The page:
‘Humbled’ by ovation, Braves’ Francoeur shows he’s not player of old

ATLANTA — He posed for photos with his wife, Catie, and young daughter Emma, pulling them out on to the field.

Jeff Francoeur was enjoying the moment, but in his first game back with the Braves, he wasn’t getting caught up in it.

"I’m at that point now, there’s no need to put pressure on yourself," the 32-year-old said before Monday’s 4-3, 10-inning loss to the Nationals. "I’m too old for that, to feel like I’ve got to do that. I’ve learned my lesson."

But he couldn’t deny the reaction he received from the Turner Field crowd when Francoeur came to bat in the eighth inning as pinch hitter.

"That was a pretty humbling experience out there," Francoeur said of the ovation. "Just wish the ending could have been different for us, man. We had a couple of bad little breaks at the end of the game, but I liked the way everybody played and competed. Guys had some good at-bats off Scherzer, that’s not an easy guy."

There weren’t shades of his debut in the stadium, when he hit a three-run home run for his first major league hit. This was Francoeur 2.0, and he was doing something he didn’t do often as a Brave.

Jeff Francoeur walked.

HIs free-swinging ways defined his first go-around in Atlanta, from 2005-09, when he never had a walk rate higher than 6.0 percent, with that figure at 4.0, along with a 21.2 percent strikeout rate in ’05. But this Francoeur, the one that earned a job out of spring training as a non-roster invitee, worked a 2-1 count against Nationals reliever Felipe Rivero, before earning a free pass after seven pitches.

Four batters later, Francoeur scored when Shawn Kelley came on to pitch for Washington and walked Adonis Garcia on four pitches.

He was at his best as a pinch hitter in Philadelphia last season, a revival for the player who was once featured on the cover of Sports Illustrated as The Natural, and the face of the Baby Braves, the 18 rookies who helped Atlanta extend its run of division titles. In 31 plate appearances off the bench in 2015, Francoeur hit .355/.567/.922 with a home run and 11 RBI. But this was his first walk as a pinch hitter since 2014, and just the fifth in 67 trips to the plate in the role over 12 major league seasons.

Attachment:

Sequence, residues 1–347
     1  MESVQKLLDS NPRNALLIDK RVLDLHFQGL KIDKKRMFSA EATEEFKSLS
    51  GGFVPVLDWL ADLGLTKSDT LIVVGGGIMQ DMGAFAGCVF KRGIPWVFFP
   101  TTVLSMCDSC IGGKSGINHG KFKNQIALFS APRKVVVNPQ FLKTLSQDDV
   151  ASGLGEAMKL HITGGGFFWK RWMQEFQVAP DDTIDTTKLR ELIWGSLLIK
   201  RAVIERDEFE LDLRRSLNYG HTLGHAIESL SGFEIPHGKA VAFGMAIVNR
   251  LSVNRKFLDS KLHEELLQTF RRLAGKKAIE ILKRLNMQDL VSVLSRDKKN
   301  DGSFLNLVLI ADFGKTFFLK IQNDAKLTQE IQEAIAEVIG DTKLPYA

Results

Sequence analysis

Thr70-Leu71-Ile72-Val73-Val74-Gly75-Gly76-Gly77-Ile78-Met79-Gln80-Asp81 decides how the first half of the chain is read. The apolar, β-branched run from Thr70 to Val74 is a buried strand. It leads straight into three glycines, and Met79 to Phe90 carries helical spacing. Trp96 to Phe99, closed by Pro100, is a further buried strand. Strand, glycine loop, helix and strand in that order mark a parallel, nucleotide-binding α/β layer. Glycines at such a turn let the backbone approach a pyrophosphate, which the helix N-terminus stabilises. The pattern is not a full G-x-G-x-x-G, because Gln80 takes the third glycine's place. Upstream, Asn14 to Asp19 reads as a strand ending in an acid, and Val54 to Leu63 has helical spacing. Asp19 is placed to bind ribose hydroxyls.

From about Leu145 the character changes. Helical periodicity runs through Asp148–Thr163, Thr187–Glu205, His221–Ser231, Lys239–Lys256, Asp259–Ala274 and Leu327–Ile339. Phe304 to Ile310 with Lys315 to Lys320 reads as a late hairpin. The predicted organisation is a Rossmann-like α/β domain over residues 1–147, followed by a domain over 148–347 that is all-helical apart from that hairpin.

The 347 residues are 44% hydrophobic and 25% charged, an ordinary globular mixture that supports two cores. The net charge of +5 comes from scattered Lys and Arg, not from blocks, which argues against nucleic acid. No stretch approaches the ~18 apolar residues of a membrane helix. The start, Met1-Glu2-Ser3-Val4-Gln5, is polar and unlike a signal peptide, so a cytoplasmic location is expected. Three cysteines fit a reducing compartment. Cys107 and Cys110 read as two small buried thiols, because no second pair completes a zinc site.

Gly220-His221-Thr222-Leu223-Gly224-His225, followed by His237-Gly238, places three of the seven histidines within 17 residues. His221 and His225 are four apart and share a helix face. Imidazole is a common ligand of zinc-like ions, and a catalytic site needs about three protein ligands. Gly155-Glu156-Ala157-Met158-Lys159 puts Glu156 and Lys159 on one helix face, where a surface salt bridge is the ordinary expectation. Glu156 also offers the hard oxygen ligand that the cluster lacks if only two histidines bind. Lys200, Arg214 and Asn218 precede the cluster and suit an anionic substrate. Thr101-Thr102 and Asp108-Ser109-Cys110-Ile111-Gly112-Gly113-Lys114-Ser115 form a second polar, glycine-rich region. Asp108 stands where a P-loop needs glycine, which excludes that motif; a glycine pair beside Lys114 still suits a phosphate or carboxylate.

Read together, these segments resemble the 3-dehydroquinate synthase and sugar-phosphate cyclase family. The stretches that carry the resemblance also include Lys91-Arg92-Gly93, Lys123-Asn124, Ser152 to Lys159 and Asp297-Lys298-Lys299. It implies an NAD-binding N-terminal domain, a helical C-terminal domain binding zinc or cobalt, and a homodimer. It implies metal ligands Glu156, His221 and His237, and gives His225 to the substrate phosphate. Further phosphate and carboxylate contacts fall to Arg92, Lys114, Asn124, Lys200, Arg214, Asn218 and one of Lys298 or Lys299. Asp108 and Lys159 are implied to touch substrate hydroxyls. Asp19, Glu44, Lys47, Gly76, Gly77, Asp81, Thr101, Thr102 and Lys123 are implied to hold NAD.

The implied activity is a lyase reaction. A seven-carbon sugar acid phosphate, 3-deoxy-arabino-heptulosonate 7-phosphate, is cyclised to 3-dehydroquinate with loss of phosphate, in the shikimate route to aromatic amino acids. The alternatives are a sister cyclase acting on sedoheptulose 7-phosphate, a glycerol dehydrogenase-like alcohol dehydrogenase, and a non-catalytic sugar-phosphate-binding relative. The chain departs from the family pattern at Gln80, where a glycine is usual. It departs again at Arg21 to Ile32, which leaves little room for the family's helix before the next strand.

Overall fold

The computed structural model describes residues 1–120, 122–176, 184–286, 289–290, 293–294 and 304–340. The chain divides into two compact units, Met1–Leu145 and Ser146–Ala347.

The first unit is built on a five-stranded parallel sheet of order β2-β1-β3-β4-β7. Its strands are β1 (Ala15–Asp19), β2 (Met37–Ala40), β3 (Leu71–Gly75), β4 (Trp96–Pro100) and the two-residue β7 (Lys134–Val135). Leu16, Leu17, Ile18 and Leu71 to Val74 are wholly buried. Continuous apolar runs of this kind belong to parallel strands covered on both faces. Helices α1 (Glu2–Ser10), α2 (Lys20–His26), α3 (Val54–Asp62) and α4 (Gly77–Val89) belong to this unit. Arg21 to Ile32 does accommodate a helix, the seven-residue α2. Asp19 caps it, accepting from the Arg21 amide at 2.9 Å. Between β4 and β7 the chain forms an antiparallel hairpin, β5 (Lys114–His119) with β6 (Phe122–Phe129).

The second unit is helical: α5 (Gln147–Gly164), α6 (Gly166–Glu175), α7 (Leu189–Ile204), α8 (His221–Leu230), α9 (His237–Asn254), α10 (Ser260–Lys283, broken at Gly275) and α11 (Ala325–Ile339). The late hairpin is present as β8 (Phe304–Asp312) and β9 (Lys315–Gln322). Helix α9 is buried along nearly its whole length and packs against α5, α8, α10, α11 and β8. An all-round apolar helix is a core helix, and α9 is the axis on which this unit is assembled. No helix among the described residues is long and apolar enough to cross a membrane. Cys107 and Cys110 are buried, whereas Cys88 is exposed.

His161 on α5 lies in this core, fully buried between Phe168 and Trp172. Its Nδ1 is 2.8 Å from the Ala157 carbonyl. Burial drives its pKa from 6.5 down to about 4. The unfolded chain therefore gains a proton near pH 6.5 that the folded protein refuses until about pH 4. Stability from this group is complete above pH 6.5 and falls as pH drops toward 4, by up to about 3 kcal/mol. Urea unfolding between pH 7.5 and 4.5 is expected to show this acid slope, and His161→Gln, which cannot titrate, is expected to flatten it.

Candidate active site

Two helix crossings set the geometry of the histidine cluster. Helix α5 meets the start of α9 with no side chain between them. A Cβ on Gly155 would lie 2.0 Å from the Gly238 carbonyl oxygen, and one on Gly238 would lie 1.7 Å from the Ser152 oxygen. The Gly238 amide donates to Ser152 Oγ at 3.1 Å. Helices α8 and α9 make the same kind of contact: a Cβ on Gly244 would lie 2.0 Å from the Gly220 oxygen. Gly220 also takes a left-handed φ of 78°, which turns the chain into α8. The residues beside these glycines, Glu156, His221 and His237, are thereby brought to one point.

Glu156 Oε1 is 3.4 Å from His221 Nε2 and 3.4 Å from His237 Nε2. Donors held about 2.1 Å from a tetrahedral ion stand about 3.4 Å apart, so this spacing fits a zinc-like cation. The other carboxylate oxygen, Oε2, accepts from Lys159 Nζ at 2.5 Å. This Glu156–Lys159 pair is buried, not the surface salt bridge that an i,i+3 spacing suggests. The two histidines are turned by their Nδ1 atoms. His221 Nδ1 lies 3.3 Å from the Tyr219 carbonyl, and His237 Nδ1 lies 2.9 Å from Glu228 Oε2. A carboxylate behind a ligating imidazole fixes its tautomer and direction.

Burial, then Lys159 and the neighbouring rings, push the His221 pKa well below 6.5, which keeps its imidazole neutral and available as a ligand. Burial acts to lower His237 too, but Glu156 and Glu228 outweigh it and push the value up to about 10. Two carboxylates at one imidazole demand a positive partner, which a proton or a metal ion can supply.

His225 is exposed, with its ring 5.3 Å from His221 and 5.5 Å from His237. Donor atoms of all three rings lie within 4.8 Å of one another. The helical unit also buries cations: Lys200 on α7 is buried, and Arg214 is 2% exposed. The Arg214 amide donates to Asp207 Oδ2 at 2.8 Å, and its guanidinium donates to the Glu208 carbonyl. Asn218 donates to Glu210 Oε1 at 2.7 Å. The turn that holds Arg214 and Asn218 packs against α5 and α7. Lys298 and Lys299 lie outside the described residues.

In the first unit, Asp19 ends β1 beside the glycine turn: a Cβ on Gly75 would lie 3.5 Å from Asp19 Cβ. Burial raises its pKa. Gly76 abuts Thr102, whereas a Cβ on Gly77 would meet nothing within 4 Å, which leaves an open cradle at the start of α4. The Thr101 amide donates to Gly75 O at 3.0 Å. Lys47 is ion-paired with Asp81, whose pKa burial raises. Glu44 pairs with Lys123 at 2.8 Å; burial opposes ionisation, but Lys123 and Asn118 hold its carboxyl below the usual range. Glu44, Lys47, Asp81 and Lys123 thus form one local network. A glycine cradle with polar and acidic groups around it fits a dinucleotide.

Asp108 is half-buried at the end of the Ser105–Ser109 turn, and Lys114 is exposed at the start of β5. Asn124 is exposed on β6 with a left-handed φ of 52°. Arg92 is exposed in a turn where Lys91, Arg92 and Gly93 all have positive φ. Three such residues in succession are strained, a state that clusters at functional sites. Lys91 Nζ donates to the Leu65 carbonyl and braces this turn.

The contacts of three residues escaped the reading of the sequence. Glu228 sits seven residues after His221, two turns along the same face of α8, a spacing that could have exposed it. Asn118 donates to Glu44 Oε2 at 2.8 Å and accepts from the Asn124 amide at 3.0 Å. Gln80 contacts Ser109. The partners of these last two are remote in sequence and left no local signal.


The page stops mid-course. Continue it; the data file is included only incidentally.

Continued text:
Francouer said the day felt different. The trip in to the stadium, walking into the stadium’s bowels and, for the first time since 2009, returning to the Braves clubhouse.

"I woke up this morning and was driving here with zero nerves, just looking forward to playing, getting out there today, maybe getting an at-bat, see what happens," he said. "But like I’ve said, I’ve taken a whole different approach this year."

Like drawing a walk.

Francoeur wasn’t kept on the roster to be the next Braves superstar that so many believed he would be in 2005. Jeff Francoeur has changed. He’s a veteran with a role, and that’s all the 2016 Braves need him to be.

Follow Cory McCartney on Twitter @coryjmccartney and Facebook. His book, ‘Tales from the Atlanta Braves Dugout: A Collection of the Greatest Braves Stories Ever Told,’ comes out April 12, 2016., and ‘The Heisman Trophy: The Story of an American Icon and Its Winners’ will be released Nov. 1, 2016.